Autumn has arrived in Gettysburg. At The Gettysburg Experience, we enjoy bringing you another issue of historic articles, delicious fall recipes, and our updated Calendar of Events. October has much to offer, from the annual Apple Harvest Festival to the Halloween parade and the Autumn Civil War Militaria Show. The Calendar begins on page 11. Read More >
In the middle of the 18th century, the area that would later become Gettysburg, Pennsylvania was the western frontier. Settlers, many from Ireland, bravely made their homes there, forming the Marsh Creek Settlement.
Irish immigrant William McClellan received a land grant from John Penn, the son of colony founder William Penn, for 360 acres in 1762. In the days before independence, McClellan built a log cabin and hung a sign of a black horse in front, establishing a tavern. Not wishing to pay the enormous taxes to the English king, William simply didn’t get a liquor license, making his Black Horse Tavern a Tippling House – or an illegal supplier of alcoholic refreshment. After paying a huge fine, McClellan acquiesced, applying for the license, making his tavern a legitimate stopping place for the many weary travelers who passed along the way. Read More >
The Parrot, at 35 Chambersburg Street in Gettysburg, celebrates one year with new owners Gus and Hillary Zucco. Originally from New York, the pair are thrilled to be in Gettysburg with their new restaurant, which boasts a delicious new menu of multi-cultural cuisine. Read More >
The historic Gettysburg Cyclorama, completed in 1883, depicts the epic Pickett’s Charge; the climactic episode of the Battle of Gettysburg. Upon close inspection, many personal glimpses of the painting are evident. In one section of the work there is a general on a black horse, giving direction to subordinates. Even from a distance, those who see the soldier realize that he is a commander in control; calm and assured even under fire. It is appropriate that this man should be immortalized in the painting, for he was conspicuous during the entire three days of battle; and instrumental in the Union victory at Gettysburg. He was born to be a soldier and leader. He was Pennsylvania native Winfield S. Hancock. Read More >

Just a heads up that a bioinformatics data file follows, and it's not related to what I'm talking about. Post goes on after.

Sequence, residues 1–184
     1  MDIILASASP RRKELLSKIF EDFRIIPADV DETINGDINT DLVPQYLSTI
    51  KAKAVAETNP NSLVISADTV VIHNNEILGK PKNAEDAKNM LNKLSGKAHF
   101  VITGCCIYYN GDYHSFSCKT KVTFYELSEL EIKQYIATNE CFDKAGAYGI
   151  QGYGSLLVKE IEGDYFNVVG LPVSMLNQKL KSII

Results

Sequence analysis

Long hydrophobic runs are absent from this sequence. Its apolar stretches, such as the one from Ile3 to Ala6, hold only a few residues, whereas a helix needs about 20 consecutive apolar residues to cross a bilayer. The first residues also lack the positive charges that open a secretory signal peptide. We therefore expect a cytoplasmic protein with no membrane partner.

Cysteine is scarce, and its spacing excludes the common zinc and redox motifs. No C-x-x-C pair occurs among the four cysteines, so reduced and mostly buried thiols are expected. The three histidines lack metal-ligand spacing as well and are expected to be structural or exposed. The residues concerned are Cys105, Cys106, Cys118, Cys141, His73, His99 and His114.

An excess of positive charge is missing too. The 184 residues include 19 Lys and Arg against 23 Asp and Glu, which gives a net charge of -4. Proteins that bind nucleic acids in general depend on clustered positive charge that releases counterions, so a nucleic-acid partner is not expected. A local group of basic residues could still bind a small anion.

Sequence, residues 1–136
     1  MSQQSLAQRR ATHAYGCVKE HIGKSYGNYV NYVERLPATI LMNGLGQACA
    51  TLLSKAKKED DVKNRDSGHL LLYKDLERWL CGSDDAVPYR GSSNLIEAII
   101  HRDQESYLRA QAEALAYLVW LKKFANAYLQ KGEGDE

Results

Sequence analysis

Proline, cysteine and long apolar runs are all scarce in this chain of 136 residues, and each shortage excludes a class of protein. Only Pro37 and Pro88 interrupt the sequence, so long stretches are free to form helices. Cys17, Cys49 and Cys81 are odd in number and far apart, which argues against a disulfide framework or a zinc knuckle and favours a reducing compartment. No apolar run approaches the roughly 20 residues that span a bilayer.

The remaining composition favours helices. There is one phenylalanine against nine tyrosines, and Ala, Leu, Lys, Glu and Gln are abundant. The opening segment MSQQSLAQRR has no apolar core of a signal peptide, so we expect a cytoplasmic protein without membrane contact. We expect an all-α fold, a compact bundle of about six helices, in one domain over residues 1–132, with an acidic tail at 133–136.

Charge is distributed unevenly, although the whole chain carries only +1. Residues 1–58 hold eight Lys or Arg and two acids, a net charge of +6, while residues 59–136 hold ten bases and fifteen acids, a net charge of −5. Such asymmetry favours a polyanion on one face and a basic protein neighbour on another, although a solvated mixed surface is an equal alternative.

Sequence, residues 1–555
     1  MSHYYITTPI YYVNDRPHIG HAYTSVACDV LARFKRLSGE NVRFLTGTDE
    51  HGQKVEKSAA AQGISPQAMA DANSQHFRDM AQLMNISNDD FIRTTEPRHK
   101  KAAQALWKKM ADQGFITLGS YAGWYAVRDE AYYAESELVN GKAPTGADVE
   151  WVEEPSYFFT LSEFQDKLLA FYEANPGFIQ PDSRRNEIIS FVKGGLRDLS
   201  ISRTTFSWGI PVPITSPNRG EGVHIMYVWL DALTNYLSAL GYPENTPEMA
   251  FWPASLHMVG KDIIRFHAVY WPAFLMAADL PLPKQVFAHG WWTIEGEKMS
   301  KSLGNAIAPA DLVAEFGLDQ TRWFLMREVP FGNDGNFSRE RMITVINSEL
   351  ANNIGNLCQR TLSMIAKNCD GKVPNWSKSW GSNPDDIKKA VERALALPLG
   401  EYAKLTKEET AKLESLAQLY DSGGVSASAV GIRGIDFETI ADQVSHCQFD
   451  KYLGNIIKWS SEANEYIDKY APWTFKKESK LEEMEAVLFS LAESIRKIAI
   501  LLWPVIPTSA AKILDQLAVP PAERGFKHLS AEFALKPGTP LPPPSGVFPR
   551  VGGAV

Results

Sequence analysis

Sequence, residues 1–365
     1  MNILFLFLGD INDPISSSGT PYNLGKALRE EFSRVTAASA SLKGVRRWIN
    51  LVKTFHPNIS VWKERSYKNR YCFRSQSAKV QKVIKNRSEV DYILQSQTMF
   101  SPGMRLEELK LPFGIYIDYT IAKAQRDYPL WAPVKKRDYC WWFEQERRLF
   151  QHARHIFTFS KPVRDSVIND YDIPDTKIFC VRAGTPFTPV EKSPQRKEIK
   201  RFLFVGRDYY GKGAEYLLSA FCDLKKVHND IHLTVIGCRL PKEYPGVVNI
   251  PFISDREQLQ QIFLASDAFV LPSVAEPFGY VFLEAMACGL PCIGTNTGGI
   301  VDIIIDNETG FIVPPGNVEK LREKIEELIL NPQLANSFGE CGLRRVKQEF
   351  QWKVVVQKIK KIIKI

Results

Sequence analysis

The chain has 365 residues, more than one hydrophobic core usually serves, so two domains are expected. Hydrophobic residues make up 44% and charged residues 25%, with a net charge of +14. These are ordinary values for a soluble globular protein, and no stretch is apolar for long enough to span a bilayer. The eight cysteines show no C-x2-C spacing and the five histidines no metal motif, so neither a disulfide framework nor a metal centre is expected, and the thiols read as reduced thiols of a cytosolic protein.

October 31, 2017 marks the anniversary of a momentous event that occurred before America was even a nation – and yet its significance helped in playing a role of liberty and freedom of thought and opinion that Americans cherish.
On that date in 1517, a thirty-four-year-old friar named Martin Luther nailed a written grievance to a church door in Wittenberg, Germany. Read More >
In addition to the 51,000 human casualties from the Battle of Gettysburg, there were about 5,000 horses and mules who fell victim to the conflict in the summer of 1863. Some of them were taken from their owners who lived nearby – confiscated by both Union and Confederate troops who were in need of equine assistance in the fight.
Stories abound of civilians in and around Gettysburg who lost their horses, and never saw them again. There was, however, one happy ending for two Gettysburg boys and their horse and family pet, whom they affectionately called Ned.
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